Sen. Steve Daines (R-Mont.), who is facing popular Democratic Gov. Steve Bullock this year, said the Supreme Court vacancy distills the race to “a very clear choice” for voters.
“It’s going to help. People are motivated,” added Sen. Joni Ernst (R-Iowa), who sits on the Senate Judiciary Committee and is facing a stiff challenge from Democrat Theresa Greenfield.
A quick confirmation vote may be an unpopular decision among the broader public: Fifty percent of those surveyed in a recent POLITICO/Morning Consult poll said the presidential election winner should pick Ginsburg’s successor, while 37 percent said Trump should fill the seat. New York Times polls in battleground states showed that voters prefer that Biden make a Supreme Court pick over Trump.
But Senate races are being fought largely in GOP-leaning territory and party officials think the vacancy may be a boon to many Republicans’ chances. The states with GOP incumbents facing potential danger include Colorado, Arizona, Maine, North Carolina, Iowa, Montana and Georgia.
Dan Eberhart, a GOP donor, said the vacancy “helps on the margins. But in some of these races that’s a big deal.”
“It helps candidates that were running behind Trump and hurts ones that were running better than Trump,” Eberhart said. “It hurts people like Cory Gardner and Susan Collins. I think it helps people like [Thom] Tillis, [Martha] McSally and Ernst.”
Gardner of Colorado and Collins of Maine are the only two GOP senators running for reelection in states that Trump lost; Collins opposes filling Ginsburg’s seat this year and Gardner is in line with McConnell. The rest of the party is fighting for reelection in states that Trump won, though some — like Arizona, North Carolina, Georgia and Texas — are becoming more fertile territory for Democrats.
“It obviously energizes the left, very much. The first two, Gorsuch and Kavanaugh, didn’t change the balance of the court. This one in all likelihood will,” said Sen. John Cornyn (R-Texas), who is up for reelection against Democrat MJ Hegar. “I’m not sure who it hurts and who it helps.”
And even though Democrats were unable to use the GOP’s 2016 blockade of Garland to their electoral advantage, they believe McConnell’s maneuver so close to the election is too craven to be lost on the electorate this time around.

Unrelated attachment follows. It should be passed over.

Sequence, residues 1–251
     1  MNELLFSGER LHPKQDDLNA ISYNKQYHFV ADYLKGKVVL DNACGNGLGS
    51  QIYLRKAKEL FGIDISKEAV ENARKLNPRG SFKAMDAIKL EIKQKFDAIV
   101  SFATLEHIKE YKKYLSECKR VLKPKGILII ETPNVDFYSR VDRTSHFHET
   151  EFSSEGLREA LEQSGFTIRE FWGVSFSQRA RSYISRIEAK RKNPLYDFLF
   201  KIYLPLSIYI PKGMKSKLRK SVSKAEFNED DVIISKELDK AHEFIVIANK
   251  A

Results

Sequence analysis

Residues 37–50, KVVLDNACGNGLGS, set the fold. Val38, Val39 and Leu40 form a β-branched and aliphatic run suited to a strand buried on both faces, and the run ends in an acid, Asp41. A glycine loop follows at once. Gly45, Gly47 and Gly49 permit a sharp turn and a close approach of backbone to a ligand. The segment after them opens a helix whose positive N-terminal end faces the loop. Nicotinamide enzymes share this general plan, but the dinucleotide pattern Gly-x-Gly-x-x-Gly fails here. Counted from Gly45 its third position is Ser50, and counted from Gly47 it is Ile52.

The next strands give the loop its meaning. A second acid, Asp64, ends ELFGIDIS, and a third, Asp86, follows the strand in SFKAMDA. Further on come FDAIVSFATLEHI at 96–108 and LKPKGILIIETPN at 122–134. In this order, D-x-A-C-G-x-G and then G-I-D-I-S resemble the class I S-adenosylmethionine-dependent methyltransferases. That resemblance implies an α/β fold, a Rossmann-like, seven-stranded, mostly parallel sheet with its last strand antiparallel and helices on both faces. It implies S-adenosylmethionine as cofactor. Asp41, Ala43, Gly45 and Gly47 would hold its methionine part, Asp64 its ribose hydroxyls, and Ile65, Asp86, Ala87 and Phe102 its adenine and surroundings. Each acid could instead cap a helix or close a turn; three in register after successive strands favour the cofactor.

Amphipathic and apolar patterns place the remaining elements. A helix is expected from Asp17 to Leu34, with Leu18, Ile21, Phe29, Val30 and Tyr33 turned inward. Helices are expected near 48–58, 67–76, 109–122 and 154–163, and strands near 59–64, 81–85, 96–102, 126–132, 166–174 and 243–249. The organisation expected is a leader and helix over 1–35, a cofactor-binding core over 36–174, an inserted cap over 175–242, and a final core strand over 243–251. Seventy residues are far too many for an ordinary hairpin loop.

“The American people do not want to see Mitch McConnell and Donald Trump go forward and steal a second Supreme Court seat,” said Sen. Elizabeth Warren (D-Mass.). McConnell “is going to a place that is contrary to what people want.”
In justifying their decision to move on a Supreme Court nomination this year, Republicans have pointed to the 2018 midterm elections, when the GOP slightly expanded its Senate majority after four Democratic senators who voted against Kavanaugh a month earlier were defeated. And the one Democrat who voted for Kavanaugh — Sen. Joe Manchin (D-W.V.) — was reelected in his ruby-red state.
“Recent history has clearly shown that these sorts of fighting bring Republicans together,” said Sen. Todd Young (R-Ind.), chairman of the Senate GOP’s campaign arm, who gave state-by-state presentations to the party on Tuesday. “And I anticipate that will happen in 2020, just as it did in 2016 and 2018.”
But Democratic Sen. Jon Tester won reelection in 2018 in conservative Montana after voting against Kavanaugh; Sen. Kyrsten Sinema (D-Ariz.) beat McSally after coming out against Kavanaugh, as did Democratic incumbents from Pennsylvania, Michigan, Ohio and Wisconsin — all states Trump won in 2016.
“They won a mandate in 2018? They lost the frickin’ House,” Tester said in an interview. “They’re making excuses for something that they know is totally corrupt.”
Marianne LeVine and James Arkin contributed to this report.